The fourth and final tale, entitled “The Door”, finds writer William Seaton (Ian Ogilvy – “Return Of The Saint”) wanting to buy an ancient ornate door in the antique shop. He hasn’t enough cash to pay the full price so agrees a reduced fee with The Proprietor. When The Proprietor goes into the back of the shop he leaves the till open, and starts to count the cash therein once Seaton has left the shop.

Back at his home, Seaton attaches the door to his stationery cupboard but finds that when he opens the door he is suddenly able to see into a blue room containing notes of an occultist.

Lesley-Anne Down
Lesley-Anne Down

Before long both Seaton and his wife Rosemary (Lesley-Anne Down – “The Pink Panther Strikes Again”, “Countess Dracula”) find themselves trapped within the influence of the door…

This last story is very similar to the first, however, the major difference is in the fact that Seaton does not steal any of the money left in the open till or attempt to cheat The Proprietor in any way and thus has a different fate.

Like “Tales From The Crypt” this is a decently put together collection of stories, though the similarities in stories one and four suggest that perhaps a different tale could have replaced one of them and improved the film as a whole…

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Death Lives In The Vault Of Horror!

Last night on TV I caught an old 1972 horror anthology movie from Amicus Productions, “Tales From The Crypt”, directed by Freddie Francis (“Dracula Has Risen From The Grave”).

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Sir Ralph Richardson
Sir Ralph Richardson

Opening with a scene showing a group of people on a tour of some underground caves, five of them get separated from the main party and end up in a sealed chamber where they find the Crypt Keeper (Sir Ralph Richardson – “Time Bandits”, “Doctor Zhivago”) who instructs the five to sit.

Once seated, each is “shown” what they are supposedly planning to do later that night once they’ve left the crypt, in five separate short stories.

Joan Collins
Joan Collins

The first, “…And All Through The House” has Joanne Clayton (Joan Collins – “The Bitch”, “Dynasty”) murdering her husband on Christmas Eve whilst their daughter is upstairs awaiting Santa’s arrival.

Oliver MacGreevy
Oliver MacGreevy

Interrupting the Christmas songs, an announcement on the radio states that a homicidal maniac (Oliver MacGreevy – “The Ipcress File”) has escaped from a local hospital for the criminally insane and is on the loose, thought to be dressed up as Santa.

Joanne sees what she thinks is the killer outside her house, but is unable to call the police without risking her own crime being discovered…

Ian Hendry & Susan Blake
Ian Hendry & Susan Blake

“Reflection Of Death” is the second instalment, in which Carl Maitland (Ian Hendry – “Get Carter”) abandons his wife and children and runs off with another woman, Susan Blake (Angela Grant – “Carry On Girls”). He has a dream that they are involved in a car crash, which then actually happens.

Awaking alone in the crashed car, Carl makes his way home to find that his wife is with another man, so sets off to his lover’s home…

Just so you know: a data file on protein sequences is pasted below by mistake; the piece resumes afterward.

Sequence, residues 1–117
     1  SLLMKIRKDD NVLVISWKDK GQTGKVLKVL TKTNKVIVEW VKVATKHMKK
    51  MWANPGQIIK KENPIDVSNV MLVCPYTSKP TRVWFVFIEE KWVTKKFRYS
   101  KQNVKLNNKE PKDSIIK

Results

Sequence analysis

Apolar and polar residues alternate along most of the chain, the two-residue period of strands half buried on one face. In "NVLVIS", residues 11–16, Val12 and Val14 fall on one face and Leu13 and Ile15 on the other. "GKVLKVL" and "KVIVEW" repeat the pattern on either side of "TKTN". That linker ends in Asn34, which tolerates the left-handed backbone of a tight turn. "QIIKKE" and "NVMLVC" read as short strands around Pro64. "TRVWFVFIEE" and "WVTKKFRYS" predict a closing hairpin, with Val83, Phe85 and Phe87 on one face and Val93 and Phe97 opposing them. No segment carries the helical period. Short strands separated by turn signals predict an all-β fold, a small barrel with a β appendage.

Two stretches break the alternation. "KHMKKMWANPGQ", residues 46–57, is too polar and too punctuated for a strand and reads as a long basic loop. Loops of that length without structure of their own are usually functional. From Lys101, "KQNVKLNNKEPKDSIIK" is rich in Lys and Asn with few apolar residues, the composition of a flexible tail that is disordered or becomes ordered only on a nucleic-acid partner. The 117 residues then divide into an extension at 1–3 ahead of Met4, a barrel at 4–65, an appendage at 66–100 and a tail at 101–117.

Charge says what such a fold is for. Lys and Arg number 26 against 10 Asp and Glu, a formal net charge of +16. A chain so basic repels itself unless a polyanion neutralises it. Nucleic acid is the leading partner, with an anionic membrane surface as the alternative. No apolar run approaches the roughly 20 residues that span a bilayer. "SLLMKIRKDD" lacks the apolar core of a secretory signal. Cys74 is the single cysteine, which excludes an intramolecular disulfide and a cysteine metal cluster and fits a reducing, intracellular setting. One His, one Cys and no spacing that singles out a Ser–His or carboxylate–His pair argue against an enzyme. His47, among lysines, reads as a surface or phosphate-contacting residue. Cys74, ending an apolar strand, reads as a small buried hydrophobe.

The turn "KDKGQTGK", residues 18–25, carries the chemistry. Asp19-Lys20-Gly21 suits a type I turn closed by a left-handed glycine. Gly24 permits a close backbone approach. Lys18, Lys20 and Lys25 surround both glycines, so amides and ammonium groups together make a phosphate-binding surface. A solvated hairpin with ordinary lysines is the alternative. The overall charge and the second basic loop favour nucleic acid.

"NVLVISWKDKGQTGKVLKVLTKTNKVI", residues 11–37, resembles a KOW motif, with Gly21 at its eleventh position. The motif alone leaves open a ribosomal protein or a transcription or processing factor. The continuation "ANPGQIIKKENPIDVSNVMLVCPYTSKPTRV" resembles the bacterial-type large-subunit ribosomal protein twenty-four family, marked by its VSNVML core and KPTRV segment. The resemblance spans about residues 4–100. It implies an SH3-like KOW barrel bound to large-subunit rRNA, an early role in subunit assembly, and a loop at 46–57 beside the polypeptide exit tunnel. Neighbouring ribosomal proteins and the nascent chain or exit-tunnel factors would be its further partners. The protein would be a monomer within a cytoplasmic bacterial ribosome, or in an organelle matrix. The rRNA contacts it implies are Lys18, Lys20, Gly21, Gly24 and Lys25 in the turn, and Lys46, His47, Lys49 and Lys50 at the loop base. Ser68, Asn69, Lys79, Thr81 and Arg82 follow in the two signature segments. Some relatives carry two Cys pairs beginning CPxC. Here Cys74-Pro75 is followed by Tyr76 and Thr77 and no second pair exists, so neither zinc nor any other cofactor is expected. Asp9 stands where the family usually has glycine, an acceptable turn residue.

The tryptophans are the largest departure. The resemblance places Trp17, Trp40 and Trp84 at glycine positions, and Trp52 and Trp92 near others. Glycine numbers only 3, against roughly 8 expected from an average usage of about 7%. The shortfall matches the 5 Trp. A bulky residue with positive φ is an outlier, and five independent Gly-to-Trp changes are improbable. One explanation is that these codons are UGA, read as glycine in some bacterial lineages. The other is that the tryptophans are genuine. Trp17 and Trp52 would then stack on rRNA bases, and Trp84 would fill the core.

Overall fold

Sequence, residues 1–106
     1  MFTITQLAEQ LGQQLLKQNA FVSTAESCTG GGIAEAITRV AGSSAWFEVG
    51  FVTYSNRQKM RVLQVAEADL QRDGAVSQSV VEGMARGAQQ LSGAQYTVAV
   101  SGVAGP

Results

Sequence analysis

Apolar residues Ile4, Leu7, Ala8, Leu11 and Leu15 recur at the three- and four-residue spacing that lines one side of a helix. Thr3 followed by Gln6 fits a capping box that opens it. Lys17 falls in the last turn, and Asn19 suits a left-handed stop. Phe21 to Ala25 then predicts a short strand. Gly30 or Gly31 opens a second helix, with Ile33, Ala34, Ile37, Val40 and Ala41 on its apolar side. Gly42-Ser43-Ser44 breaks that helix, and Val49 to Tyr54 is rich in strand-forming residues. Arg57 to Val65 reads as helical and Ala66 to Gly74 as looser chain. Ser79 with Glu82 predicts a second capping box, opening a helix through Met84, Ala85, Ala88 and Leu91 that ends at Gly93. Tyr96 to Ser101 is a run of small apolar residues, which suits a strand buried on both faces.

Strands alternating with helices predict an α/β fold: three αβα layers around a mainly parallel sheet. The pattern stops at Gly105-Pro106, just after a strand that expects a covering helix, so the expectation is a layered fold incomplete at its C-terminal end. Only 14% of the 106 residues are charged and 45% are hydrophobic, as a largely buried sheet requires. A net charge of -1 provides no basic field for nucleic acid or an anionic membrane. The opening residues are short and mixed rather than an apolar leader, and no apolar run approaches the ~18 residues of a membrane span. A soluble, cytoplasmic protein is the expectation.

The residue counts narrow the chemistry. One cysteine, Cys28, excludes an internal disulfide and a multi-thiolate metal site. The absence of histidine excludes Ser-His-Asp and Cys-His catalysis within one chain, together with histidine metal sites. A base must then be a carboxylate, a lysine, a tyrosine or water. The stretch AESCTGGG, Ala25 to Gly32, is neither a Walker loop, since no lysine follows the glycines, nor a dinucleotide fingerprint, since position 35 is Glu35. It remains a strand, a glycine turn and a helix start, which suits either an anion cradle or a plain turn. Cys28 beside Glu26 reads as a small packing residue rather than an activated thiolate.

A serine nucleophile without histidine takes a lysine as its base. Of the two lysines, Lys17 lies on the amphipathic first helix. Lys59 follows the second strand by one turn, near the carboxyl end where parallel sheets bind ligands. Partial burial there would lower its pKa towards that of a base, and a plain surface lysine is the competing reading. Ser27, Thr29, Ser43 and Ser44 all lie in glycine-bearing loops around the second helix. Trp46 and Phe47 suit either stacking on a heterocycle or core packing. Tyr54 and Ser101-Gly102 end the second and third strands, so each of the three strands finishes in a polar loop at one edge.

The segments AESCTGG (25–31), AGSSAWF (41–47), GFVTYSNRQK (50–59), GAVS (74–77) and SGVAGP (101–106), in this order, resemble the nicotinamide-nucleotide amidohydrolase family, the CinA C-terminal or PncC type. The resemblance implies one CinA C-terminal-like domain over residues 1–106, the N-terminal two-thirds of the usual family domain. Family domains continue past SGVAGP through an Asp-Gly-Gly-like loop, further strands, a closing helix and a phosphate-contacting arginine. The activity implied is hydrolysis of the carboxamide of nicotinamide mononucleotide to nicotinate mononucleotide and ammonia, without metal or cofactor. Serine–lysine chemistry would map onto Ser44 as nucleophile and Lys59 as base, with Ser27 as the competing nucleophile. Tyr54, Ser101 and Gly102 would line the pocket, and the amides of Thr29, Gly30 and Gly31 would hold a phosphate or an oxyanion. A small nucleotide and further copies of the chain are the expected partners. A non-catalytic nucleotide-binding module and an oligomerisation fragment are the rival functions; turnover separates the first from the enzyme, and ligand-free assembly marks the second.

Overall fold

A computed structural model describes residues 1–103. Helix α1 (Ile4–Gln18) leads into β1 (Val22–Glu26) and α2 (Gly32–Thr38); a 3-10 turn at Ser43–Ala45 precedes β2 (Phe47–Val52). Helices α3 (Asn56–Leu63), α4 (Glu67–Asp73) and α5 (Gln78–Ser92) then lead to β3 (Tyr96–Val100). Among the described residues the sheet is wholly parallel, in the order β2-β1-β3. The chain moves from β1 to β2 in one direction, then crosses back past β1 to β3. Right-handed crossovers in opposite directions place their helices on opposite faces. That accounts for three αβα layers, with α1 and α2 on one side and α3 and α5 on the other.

Robin Phillips
Robin Phillips

Story three – “Poetic Justice” – finds James Elliot (Robin Phillips – “Decline And Fall… Of A Birdwatcher”) and his father resenting their older neighbour, the recently bereaved Arthur Grimsdyke (Peter Cushing – “The Curse Of Frankenstein”, “The Satanic Rites Of Dracula”), who has a number of pet dogs and is popular with local children.

Peter Cushing
Peter Cushing

James and his father begin a smear campaign against Grimsdyke, get rid of his dogs and send vicious valentine cards to him, driving the old man to despair…

Richard Greene & Barbara Murray
Richard Greene & Barbara Murray

The fourth tale is titled “Wish You Were Here”. Businessman Ralph Jason (Richard Greene – “The Blood Of Fu Manchu”) is facing financial ruin when his wife Enid (Barbara Murray – “Up Pompeii”) discovers a Chinese figurine that will grant her three wishes.

Her first wish is for a fortune to come their way. When Ralph is killed in a car accident a large sum of insurance money comes her way. Her second wish is to restore her husband to the way he was just before the accident, but it’s her third wish that proves most problematic…

Nigel Patrick
Nigel Patrick

In the final story “Blind Alleys” we find Major William Rogers (Nigel Patrick – “Battle Of Britain”) having taken charge of a home for the blind. William makes drastic financial cutbacks, reducing the level of heating and rationing the food for given to the residents whilst he and his beloved German Shepherd dog live in luxury.

Patrick Magee
Patrick Magee

When one of the residents dies as a result of William’s wilful neglect, the rest of the residents, under the leadership of George Carter (Patrick Magee – “A Clockwork Orange”) plan to exact an elaborate revenge…

The Crypt Keeper finally explains to the five why they are there…

This horror movie isn’t up there with the best of them, in my view. However, it’s nicely put together, has some decent acting performances and plot lines. Overall, this film is effective enough – particularly bearing in mind that it is now forty three years since it was released – to warrant viewing…